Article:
Everyone’s favorite pachyderm almost took flight to the cover of a national magazine after his Disney movie debut. Walt Disney’s Dumbo opened October 23, 1941, to generally good reviews and is now considered a treasured film. But why did Dumbo’s brush with the TIME periodical not come to pass? Let’s take a look at what kept him grounded that fateful year…
Disney’s Dumbo opened to crowds of refreshed theatergoers and critical reviews that highly enjoyed the Disney film. The Walt Disney Family Museum kept a record of the critic’s reviews of the animated film like those from Variety magazine, saying,
“Walt Disney returns in Dumbo to the formula that accounted for his original success—simple animal characterization…There’s a pleasant little story, plenty of pathos mixed with the large doses of humor, a number of appealing new animal characters, lots of good music, and the usual Disney skillfulness in technique.”
Disney’s shortest (and fifth full-length) film was packed with personality, beautiful music and a character story anyone could stand behind. The pint-sized pachyderm’s popularity in the following weeks caused TIME magazine to consider him for a cover model as “Mammal of the Year,” akin to the “Person of the Year” title given to celebrities and activists, or other personalities.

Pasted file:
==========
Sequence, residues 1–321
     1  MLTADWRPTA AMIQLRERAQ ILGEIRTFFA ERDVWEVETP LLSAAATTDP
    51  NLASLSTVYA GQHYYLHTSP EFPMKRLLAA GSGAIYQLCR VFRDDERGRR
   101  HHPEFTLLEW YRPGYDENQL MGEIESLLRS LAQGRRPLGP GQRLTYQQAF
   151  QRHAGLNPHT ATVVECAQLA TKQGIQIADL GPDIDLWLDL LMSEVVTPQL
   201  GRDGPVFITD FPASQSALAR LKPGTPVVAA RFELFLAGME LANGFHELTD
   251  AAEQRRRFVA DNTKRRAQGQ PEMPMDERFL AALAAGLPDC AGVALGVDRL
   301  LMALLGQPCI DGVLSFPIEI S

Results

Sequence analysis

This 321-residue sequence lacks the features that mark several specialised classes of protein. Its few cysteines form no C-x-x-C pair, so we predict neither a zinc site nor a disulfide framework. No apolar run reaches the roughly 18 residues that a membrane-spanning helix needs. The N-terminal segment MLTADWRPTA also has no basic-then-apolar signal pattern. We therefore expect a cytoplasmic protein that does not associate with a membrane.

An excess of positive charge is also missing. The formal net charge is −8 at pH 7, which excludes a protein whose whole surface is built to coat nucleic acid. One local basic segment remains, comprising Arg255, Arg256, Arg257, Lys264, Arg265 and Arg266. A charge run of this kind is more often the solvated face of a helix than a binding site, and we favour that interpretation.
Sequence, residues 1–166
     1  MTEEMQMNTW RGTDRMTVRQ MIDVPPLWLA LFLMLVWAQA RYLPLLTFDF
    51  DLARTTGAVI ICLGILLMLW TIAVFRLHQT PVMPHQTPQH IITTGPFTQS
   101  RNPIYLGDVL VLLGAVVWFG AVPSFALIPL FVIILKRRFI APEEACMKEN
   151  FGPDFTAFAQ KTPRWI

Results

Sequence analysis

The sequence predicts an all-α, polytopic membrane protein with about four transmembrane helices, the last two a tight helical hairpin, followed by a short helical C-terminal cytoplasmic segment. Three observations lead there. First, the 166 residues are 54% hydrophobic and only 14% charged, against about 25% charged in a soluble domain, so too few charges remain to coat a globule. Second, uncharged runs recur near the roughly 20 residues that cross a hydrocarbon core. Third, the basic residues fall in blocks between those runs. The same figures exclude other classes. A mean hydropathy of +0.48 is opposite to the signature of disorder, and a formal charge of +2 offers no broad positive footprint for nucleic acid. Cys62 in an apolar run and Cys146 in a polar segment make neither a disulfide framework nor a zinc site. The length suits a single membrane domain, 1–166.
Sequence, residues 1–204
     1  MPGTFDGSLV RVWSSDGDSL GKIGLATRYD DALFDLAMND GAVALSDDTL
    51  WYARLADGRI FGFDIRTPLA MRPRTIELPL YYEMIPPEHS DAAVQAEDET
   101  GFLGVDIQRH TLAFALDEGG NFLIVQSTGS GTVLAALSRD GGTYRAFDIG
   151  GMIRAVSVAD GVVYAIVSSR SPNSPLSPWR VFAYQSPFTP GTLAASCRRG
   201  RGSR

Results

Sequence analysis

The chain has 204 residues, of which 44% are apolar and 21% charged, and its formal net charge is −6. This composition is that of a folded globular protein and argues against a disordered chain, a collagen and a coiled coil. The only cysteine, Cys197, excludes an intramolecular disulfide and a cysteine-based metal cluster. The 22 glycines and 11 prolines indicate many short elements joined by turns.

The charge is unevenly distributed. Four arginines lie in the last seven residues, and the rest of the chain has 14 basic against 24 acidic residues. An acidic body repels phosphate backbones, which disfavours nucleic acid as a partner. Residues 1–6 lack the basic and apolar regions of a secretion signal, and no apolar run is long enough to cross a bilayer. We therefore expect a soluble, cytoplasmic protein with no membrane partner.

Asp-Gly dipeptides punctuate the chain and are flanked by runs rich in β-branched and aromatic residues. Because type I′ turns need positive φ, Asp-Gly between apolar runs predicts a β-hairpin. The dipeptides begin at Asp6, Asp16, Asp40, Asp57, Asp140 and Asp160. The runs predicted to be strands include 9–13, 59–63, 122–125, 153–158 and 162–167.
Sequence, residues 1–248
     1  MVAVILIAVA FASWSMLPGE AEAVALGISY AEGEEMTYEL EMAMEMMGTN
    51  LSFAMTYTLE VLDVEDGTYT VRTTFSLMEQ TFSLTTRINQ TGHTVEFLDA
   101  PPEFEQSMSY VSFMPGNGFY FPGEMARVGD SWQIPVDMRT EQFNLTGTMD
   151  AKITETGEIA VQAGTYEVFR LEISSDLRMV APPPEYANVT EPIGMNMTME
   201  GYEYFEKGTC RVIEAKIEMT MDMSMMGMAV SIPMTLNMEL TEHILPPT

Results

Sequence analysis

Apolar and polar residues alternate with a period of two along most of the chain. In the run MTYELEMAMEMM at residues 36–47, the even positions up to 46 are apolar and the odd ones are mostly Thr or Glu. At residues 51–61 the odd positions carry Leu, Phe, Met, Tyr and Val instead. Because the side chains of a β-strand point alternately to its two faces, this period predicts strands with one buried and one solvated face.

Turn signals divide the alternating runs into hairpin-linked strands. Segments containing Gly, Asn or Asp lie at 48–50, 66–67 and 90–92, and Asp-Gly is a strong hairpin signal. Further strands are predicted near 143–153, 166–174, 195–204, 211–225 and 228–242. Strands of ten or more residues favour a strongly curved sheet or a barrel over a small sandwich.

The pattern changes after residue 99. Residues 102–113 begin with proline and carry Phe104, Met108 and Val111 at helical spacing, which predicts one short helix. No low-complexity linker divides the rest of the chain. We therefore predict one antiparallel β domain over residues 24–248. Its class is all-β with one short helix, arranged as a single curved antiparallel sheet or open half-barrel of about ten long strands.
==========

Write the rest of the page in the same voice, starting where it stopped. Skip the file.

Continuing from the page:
TIME‘s editors “hoping to release an uplifting issue for the Christmas season, commissioned artists from The Walt Disney Studios to draw a black-and-white portrait of the elephant for the cover,” in simple black and white. The first portrait looked too much like an animation cel painting, so instead, it was redrawn in the portrait style heralded by the magazine.
Sans Timothy Mouse, baby Dumbo sits alone in the circus tent, cautiously looking to the side. The artwork sketch was placed on the cover alongside the article, which was edited and ready to go for the December 29th release, until the memorable morning of December 7, 1941.
When the Japanese bombers hit the U.S. Navy base at Pearl Harbor, Hawaii, everything changed. “Priorities immediately changed, the news completely shifted focus, and suddenly the sweet idea of the lovable little elephant that had captured the hearts of moviegoers seemed to trivialize the cover of the nation’s most reliable newsmagazine,” rightly recalls the Disney Family Museum.
TIME‘s redone issue had to be created in less than 36 hours in order to be printed. The cover now featured General Douglas MacArthur of the Philippines, but Dumbo’s story was not fully lost. TIME ran his feature in the “Cinema” section of the December 29, 1941 issue, entitled “Mammal-of-the-Year.”
Dumbo’s full TIME story still lives online, and the 1400-word text frames the baby elephant with big ears’ creation “inside the Disney studio and framing him as a welcome distraction and source of comfort for a country at war: ‘Among all the grim and foreboding visages of A.D. 1941, his guileless, homely face is the face of a true man of goodwill.'” No wonder Dumbo still holds a treasured place in our hearts!
Would you have wanted the flying elephant to get his moment in the spotlight? Leave us a comment with your thoughts!